The Final Solution on Migration
Trumped “absolutely magnificent” by Bob Katter, the maiden speech of Queensland senator Fraser Anning has stirred the hearts and minds of Australians on the “problem” of migration.
For every problem there is a solution. In this case, Anning offers us “the final solution”. Suddenly, those hearts stirred are now in people’s mouths and stomachs turn; why is that eerie phrase stirring me so? Where have we heard that before? Why is that phrase unutterable, unforgettable, unforgiveable?
I hear my cynical reader say; it’s only political rhetoric, but it conjures up evils of the past that started in the same way. A passionate politician whose focus was, like Anning to have a “national identity” made up of people of the same racial background and discriminating against those of other religious backgrounds.
Comparisons between the Nazi rhetoric and that of Anning’s, are many. He says Gough Whitlam’s embrace of multiculturalism has “allowed the cultural conquest of our nation” and spooks us with “an insidious silent revolution”, the question to what end looms ominously.
But before we start goose-stepping our way back to a darker day, Anning proposes less radical changes to immigration by drastically cutting our annual migrant intake and discriminating based on race.
Would the drastic cut be applied to student visas? International students are predominately from China and contribute a huge amount to the Australian economy, not to mention to our universities, which rely on international student fee revenue.
Anning wants to ban Muslim migration. He claimed, “while all Muslims are not terrorists, certainly all terrorists these days are Muslims, so why would anyone want to bring more of them here?”
Following his logic, during the height of the Irish Republican Army (IRA), should Australia have banned immigration of all Catholics?
But enough on examining the logic of Anning’s speech. It’s time to look at our migration system and policies because the claim that we have unrestrained immigration is simply untrue.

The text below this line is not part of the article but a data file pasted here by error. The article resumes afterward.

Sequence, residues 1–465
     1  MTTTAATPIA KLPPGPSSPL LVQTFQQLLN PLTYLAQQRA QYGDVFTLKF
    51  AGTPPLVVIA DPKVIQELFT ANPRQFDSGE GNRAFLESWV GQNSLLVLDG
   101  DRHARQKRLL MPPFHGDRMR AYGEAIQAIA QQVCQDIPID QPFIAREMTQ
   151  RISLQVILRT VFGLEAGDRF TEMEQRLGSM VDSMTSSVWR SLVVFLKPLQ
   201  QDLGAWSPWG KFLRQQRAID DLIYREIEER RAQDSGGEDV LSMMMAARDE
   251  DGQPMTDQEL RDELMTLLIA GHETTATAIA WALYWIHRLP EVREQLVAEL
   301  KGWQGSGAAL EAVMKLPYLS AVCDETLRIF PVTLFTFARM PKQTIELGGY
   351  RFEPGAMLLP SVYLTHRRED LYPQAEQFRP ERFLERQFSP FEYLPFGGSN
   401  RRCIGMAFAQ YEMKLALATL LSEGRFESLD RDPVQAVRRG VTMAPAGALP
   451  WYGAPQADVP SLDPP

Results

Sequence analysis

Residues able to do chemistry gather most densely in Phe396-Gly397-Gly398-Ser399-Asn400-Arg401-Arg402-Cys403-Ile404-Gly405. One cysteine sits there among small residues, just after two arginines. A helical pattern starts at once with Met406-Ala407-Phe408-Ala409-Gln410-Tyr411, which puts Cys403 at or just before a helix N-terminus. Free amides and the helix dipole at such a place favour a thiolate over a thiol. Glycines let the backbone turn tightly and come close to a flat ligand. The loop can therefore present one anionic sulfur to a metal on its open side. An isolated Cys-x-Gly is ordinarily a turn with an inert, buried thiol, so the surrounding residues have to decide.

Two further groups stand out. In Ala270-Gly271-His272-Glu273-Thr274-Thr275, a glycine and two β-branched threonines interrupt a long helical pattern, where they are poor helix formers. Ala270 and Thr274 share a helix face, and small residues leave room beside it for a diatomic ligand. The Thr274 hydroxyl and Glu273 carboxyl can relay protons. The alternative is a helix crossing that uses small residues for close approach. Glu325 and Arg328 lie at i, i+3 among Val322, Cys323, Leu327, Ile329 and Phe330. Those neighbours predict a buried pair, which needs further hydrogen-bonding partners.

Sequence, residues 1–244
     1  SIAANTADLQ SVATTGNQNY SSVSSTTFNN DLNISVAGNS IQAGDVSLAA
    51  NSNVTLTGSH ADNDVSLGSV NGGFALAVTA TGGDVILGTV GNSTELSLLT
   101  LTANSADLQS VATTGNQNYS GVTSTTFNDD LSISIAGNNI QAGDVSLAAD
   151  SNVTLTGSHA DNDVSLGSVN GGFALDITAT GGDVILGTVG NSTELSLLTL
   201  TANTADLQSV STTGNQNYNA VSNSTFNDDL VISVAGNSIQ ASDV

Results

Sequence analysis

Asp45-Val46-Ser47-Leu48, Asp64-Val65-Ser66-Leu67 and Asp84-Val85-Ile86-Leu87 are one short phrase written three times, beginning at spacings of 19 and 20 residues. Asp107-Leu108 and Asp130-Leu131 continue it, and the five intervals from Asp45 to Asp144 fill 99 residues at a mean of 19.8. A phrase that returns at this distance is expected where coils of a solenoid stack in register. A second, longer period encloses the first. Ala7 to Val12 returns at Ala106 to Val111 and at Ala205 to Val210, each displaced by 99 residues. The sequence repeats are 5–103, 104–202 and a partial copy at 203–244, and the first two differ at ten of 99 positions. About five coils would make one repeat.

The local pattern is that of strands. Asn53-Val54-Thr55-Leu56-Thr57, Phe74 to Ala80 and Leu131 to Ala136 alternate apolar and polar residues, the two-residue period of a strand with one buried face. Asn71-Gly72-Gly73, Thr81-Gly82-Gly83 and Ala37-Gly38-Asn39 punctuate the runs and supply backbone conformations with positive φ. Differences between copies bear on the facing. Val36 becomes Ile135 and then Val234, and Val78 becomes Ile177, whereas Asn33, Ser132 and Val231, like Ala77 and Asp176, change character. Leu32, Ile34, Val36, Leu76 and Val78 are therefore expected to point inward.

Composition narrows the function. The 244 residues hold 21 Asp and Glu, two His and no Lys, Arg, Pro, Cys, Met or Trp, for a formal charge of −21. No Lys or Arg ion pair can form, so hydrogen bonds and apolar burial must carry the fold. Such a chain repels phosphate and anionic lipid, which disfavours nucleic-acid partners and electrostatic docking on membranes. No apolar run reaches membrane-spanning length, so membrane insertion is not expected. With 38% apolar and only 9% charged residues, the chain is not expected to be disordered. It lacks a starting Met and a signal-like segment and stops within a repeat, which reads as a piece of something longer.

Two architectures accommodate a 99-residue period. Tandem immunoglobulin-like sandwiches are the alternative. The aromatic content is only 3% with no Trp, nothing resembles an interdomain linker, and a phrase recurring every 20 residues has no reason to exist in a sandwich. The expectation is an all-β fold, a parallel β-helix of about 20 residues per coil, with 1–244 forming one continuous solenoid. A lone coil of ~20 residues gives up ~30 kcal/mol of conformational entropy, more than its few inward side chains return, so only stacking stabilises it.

Australian migration law is one of the most regulated, tightly controlled and ever-changing areas of law. It is subject to constant review and politicians like it because changes can be quickly implemented without the need for legislation to be passed. Likewise, the minister for home affairs Peter Dutton has huge, seemingly unfettered discretionary powers to grant or refuse visas (as evidenced by his recent intervention in the case of two au pairs – a story for another day!).
For those not deemed worthy of positive ministerial intervention, a rigorous migration policy and assessment gauntlet is thrown down. If a person wants to come to Australia temporarily or permanently, a visa is required and there are different classes of visas. There are strict eligibility criteria which must be met for any successful visa application.
All visa applications cost the applicant money payable to the government and this does not include any money paid to a migration agent to assist migrants in the convoluted and often complicated visa process.
All visa applicants are subject to health and character checks requiring amongst other things, criminal record checks. As an aside, it’s unlikely that Anning’s terrorists have clean criminal records.
No visa is easy to obtain, especially if you are from certain countries. So whilst Australia does not have a hard-line policy in place to discriminate against migrants from particular races or religions, in practice this appears to occur anyway.
Visa applications are often refused for failing to meet one of the Department’s requests for information or not understanding what documentation is required. Even for experienced migration agents, the myriad of ever-changing policy instructions and visa considerations are challenging to navigate.
For example, the Government’s retrospective changes announced mid last year removing over 200 jobs from the skilled shortage list meant many skilled visa holders could no longer stay in Australia.
Finally, if a visa application is refused, it remains a black mark on the applicant’s record and all subsequent visas will be difficult and in some circumstances, impossible to obtain. If you are refused a protection visa, you can forget getting a tourist visa to Australia for the foreseeable future.
I’m not sure what the final solution is to this alleged migration problem, or how our problem is any greater than any other country. What I do know is that Australia’s migration policy does not contain green lights for Muslim terrorists, and as anyone who has been involved will tell you, is far from easy!